FILE PHOTO: International team member Bae Sang-moon of South Korea reacts to his chip in on the 15th hole during their foursome matches of the 2015 Presidents Cup golf tournament at the Jack Nicklaus Golf Club in Incheon, South Korea, October 10, 2015.
SEOUL (Reuters) – Bae Sang-moon took his first steps back into civilian life on Wednesday after completing his mandatory stint in the South Korean military and the two-time PGA Tour winner is eager to get his golfing career back on track.
The 31-year-old has spent the last 21 months as a rifleman in the army, honoring the requirement for all able-bodied Korean men between the ages of 18 and 35 to undertake military service as a deterrent to North Korean aggression.
Bae, whose last tournament was the President’s Cup on home soil in 2015, had little chance to practice during his stint but said the time away had not dulled his love for the game.
He plans to make his return to professional golf at next month’s $1 million Shinhan Donghae Open, which is co-sanctioned by the Asian Tour and Korean PGA.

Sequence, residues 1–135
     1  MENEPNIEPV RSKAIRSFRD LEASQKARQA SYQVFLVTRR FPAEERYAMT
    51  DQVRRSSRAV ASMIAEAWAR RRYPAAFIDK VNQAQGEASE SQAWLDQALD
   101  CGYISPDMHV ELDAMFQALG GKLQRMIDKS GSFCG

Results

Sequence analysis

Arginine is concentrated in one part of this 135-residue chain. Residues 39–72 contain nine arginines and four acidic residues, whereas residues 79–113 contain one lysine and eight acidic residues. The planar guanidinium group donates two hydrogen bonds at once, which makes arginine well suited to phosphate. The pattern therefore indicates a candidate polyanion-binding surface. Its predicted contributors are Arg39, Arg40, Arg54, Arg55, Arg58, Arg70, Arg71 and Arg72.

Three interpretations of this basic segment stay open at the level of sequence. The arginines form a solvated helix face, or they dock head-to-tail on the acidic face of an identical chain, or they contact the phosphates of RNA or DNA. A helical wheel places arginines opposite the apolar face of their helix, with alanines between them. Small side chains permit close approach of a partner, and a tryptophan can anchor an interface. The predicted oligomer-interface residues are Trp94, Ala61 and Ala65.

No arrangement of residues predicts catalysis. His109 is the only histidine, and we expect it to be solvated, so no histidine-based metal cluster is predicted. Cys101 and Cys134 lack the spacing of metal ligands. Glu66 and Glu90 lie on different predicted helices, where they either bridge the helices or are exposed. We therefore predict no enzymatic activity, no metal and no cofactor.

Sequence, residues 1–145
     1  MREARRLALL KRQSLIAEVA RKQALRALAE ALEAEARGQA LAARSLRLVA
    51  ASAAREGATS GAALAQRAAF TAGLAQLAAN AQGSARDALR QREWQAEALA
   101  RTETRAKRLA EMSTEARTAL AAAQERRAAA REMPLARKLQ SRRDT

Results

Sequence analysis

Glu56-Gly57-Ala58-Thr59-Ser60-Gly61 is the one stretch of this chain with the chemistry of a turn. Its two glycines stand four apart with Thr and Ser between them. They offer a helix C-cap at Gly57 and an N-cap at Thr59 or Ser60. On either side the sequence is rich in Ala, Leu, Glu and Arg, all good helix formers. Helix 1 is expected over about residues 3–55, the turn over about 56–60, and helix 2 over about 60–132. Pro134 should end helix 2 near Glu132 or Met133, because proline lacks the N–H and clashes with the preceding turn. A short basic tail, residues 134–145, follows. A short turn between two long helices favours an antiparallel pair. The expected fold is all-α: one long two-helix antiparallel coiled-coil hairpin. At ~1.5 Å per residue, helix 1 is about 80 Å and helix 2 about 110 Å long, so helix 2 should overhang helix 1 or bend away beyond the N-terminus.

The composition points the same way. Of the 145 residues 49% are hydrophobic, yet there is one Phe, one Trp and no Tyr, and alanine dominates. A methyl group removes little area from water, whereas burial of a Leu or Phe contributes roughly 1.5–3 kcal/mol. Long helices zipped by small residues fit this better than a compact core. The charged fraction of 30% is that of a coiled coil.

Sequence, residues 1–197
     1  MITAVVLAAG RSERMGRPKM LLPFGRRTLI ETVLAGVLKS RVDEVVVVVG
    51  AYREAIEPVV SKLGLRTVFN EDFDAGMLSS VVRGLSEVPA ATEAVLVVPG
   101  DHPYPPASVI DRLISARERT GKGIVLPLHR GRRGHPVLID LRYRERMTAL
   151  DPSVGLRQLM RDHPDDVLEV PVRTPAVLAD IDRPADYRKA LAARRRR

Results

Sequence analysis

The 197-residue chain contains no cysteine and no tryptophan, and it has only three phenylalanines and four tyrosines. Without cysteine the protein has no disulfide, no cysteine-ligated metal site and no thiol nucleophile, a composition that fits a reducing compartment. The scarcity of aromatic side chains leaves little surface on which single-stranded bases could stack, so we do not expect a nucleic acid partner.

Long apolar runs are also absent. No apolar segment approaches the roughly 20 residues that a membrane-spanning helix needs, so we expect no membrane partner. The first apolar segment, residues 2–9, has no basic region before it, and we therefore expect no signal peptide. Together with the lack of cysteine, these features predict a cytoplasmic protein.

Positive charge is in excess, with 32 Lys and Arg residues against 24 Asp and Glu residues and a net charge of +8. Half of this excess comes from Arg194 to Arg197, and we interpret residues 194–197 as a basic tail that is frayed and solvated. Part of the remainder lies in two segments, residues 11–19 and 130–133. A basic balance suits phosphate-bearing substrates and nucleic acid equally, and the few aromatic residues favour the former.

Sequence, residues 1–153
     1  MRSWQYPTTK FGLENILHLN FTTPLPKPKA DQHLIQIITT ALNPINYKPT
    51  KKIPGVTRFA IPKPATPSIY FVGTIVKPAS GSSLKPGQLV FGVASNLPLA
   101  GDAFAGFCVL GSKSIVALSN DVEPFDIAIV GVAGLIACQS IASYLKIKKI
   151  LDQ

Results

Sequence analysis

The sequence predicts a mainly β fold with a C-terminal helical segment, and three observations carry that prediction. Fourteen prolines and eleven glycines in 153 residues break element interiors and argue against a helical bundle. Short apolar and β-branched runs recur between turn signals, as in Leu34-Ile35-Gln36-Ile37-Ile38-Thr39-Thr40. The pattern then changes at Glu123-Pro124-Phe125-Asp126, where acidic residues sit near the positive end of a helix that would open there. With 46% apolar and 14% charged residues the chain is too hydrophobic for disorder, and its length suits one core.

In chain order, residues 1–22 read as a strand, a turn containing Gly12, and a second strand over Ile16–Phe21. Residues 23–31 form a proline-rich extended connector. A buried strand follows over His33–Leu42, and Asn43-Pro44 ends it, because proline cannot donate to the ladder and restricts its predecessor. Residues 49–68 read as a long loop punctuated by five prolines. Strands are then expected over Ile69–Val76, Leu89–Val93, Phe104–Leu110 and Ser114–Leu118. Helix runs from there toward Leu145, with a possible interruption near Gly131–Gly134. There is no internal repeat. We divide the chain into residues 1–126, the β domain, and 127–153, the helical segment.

“I did a lot of weight lifting and running to improve my conditioning, and I am not concerned about my fitness level at all,” he said in an Asian Tour statement.
“Even though I didn’t get to play much, I grew to love golf even more.
“I’ve had such great memories serving in the military and I feel that I’ve grown a lot stronger.”
Bae was granted U.S. residency in 2013 and had initially challenged the Military Manpower Administration’s decision to call him up, hoping to delay his conscription in order to continue his lucrative career in the United States.
He was charged with violating South Korea’s military service regulations and later lost a legal battle to defer his service.
After so much time away from competitive golf, Bae knows he has to put the hours in on the practice range if he is to be ready in time for his comeback event, which begins on Sept. 14.
“From today and until the start of the tournament, I can’t afford to be doing anything else,” Yonhap News quoted him as saying.
“I have a lot of work to do,” he added. “I’ve been dying to play golf. I’ve been dreaming of the moment when I find myself in contention for a title.”
Writing by Peter Rutherford; Editing by John O’Brien